LA Galaxy star Robbie Rogers has revealed no other gay footballers have come forward to speak to him since he came out almost two years ago.
Speaking to BBC World Service's Stephen Sackur on Hardtalk
earlier today (January 26), the 25-year-old admitted that while he'd heard from closeted American Football and basketball players in that time, not a single gay footballer has approached him.
Asked by Sakur whether other gay footballers had been in touch with him, Rogers replied:
"Everyone always asks me that question and I’m afraid I don’t have a good answer for you. I’ve heard from NFL players; NBA players; a number of other athletes that are dealing with this kind of stuff, but I haven’t heard from one footballer.
"Not one. which just reminds me of the [homophobic] atmosphere [in football].
The former Leeds United player also discussed the homophobia within professional football, saying that he often heard coaches use homophobic language during training.
"I’ve heard coaches say things like 'don’t pass the ball like a faggot'. And I’m like, 'Well what does that mean? I’m passing a ball just like everyone else and I’m gay."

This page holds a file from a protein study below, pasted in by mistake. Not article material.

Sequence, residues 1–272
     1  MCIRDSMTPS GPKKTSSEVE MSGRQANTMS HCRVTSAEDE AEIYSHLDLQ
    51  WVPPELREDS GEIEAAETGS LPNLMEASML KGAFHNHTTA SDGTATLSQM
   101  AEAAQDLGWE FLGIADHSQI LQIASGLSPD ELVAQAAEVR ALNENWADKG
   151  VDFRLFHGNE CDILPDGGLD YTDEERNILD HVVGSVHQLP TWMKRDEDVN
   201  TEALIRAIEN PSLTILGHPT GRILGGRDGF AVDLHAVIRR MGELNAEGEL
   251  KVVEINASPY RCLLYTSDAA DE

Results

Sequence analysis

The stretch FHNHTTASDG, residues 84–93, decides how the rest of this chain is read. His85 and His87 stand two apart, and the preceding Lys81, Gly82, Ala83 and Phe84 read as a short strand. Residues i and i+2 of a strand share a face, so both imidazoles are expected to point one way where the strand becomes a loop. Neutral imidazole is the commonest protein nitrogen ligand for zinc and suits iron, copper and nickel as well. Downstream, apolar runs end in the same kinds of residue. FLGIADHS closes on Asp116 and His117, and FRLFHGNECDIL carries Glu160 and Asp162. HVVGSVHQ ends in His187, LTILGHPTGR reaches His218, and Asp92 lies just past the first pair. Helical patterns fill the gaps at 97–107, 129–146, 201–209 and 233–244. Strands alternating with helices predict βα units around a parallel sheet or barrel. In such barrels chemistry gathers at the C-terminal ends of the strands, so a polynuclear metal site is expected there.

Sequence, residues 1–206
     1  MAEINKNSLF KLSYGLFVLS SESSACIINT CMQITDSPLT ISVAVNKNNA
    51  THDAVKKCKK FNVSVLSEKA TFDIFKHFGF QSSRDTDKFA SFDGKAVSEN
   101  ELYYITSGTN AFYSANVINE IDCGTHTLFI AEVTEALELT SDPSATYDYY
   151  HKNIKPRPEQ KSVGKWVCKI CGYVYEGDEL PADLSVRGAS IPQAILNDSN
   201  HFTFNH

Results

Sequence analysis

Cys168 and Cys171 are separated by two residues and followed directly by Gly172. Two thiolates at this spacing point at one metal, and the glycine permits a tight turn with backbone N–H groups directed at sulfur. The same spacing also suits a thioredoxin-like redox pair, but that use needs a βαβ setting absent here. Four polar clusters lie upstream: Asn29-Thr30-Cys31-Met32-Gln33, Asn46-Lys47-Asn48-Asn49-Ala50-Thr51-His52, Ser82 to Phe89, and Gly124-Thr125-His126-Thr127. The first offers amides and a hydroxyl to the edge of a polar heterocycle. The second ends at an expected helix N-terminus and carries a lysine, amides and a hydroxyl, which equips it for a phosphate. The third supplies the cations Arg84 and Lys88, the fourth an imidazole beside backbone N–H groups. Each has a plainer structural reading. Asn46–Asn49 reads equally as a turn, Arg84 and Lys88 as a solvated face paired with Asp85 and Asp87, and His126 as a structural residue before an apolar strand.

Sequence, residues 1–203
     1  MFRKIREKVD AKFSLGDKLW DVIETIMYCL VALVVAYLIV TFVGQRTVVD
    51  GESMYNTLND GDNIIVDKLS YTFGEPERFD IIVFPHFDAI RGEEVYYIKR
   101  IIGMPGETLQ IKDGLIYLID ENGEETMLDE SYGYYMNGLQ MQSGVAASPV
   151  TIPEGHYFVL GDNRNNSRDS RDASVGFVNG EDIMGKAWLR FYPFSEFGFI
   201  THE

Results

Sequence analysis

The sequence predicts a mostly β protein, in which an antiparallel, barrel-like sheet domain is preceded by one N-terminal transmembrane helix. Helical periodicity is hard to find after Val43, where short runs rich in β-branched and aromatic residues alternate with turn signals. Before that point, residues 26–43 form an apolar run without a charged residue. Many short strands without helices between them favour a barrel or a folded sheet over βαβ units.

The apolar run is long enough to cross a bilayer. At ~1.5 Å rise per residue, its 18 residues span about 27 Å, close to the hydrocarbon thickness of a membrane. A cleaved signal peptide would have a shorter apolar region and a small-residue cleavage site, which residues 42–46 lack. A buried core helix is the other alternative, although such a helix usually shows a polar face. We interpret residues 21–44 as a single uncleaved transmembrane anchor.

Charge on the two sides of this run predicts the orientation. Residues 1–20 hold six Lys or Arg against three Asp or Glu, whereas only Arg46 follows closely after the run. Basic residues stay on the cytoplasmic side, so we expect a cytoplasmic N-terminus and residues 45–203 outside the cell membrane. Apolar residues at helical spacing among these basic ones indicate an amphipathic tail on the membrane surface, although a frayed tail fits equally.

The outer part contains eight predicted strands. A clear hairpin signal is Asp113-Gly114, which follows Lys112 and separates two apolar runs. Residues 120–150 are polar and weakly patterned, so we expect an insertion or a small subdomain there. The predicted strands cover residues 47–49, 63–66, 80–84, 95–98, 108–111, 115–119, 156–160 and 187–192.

Rogers also hit out again at FIFA's decision to host the 2022 World Cup in Qatar, where homosexuality is illegal and punishable by up to five years in prsion.
"It actually makes me really mad and I don’t understand a lot of the stuff that FIFA does. You know, I play for LA Galaxy, I’m an openly gay man, I might get back on the national team and people have been very accepting to me…
"I know there are high levels in FIFA that almost thoughtless in their decision-making, but change is only going to come if players decide to be themselves and just play."
He added that it was "a little bit insane" that Sepp Blatter was in charge of the organisation, after the FIFA president joked in 2012 that gay fans should "refrain from any sexual activities" at the tournament.
"It's definitely an attitude problem, and I know people have asked him not to run again. And I think it’s a little bit insane that someone like that is in charge of such a huge organisation," he said.
"But I think FIFA has bigger, well, a lot of problems with racism, sexism – the women’s world cup is gonna be on artificial turf. I mean, can you imagine them ever doing that to the men? Never in a million years. And homophobia, obviously.
"I think FIFA needs to have rules across the board about any kind of discrimination… I think FIFA has so much power to do so much good."
The former Attitude cover star recently discussed his first gay sexual experience, revealing it was "super awkward" but that he's "gotten better" at it now - read more here
recently caught up with the star to discuss his new autobiography and plans for a new US sitcom based on his life - read our interview in full here
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